13353
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In an excerpt from his 1848 book, Letters from the Alleghanies, Lanman discusses his view on the discovery and use of tobacco by Cherokee Native Americans. Lanman claims that Cherokees began using Tsolungh, the Cherokee word for tobacco, after encountering a man from Asia smoking the plant from a pipe.
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The State (NoCar F 251 S77), Vol. 22 Issue 21, Mar 1955, p15-16, il
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Record #:
16349
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Most of what the average American knows about tobacco comes either from cigarette company advertising or from the Federal Government. But among the small, rural tobacco farmers in North Carolina, and among other North Carolina folk in general, there is tobacco lore which has persisted since settlers were introduced to the herb by the Native Americans. The most obvious example is in the area of herbal remedies--tobacco medicine. This article presents a brief summary of the history of tobacco as an herbal medicine, the contemporary uses of tobacco as a folk cure, and comments on the nature of current tobacco medicine in eastern North Carolina.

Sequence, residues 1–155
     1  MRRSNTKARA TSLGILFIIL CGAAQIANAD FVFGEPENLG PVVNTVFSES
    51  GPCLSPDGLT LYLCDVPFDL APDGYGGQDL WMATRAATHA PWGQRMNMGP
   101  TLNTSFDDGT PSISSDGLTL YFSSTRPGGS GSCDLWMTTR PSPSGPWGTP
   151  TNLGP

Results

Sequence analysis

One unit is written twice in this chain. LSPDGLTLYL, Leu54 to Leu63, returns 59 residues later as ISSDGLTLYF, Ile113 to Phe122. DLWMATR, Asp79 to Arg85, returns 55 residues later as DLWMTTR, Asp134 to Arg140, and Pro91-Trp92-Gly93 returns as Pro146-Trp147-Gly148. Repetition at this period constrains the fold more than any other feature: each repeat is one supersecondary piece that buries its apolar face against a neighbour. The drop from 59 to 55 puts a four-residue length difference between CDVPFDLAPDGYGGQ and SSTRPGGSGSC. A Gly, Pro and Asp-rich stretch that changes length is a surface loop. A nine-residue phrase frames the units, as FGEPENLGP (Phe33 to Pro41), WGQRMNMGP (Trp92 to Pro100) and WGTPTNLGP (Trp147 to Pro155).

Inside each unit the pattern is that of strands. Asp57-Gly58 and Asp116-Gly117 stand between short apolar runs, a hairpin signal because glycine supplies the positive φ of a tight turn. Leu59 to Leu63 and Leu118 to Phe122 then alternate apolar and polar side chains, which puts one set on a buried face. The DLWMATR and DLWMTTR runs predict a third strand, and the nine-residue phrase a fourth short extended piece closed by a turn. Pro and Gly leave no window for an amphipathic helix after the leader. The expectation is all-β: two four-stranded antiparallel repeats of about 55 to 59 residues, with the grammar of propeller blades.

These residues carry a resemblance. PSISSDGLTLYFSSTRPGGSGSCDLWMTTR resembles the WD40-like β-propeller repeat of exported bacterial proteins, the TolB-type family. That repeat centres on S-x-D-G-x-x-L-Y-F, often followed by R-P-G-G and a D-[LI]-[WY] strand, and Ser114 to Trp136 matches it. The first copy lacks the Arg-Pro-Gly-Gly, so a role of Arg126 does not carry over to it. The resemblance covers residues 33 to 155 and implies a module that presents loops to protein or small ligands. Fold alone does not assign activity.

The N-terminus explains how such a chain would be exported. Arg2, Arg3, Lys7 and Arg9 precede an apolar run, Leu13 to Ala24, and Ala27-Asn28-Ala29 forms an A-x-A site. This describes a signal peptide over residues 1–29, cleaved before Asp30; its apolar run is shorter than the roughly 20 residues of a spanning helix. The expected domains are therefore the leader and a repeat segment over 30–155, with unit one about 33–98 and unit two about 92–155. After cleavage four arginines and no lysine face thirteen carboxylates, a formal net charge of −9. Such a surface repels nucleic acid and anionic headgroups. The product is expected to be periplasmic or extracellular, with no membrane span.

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Record #:
16402
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The nomenclature of tobacco has been exceptionally diverse. Remarks from 19th- and 20th-century authors support this claim and Tanner provides a listing of the various terms used in writing about tobacco.
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Record #:
16434
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Burley tobacco has long been the chief cash crop grown in the southern Appalachian mountains. Throughout the area one finds a continuity of words and ways involved in burley tobacco production, but there is also colorful variety in local practices and terms.
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Record #:
21790
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Tobacco farming became an ever increasingly important economic enterprise in the late 19th century after the collapse of the cotton industry. The towns of Wilson, Greenville, Rocky Mount, and Kinston adapted with the changing economic and agricultural climate and built auction houses, warehouses, and communities out of migrant workers to accommodate the ever growing tobacco industry.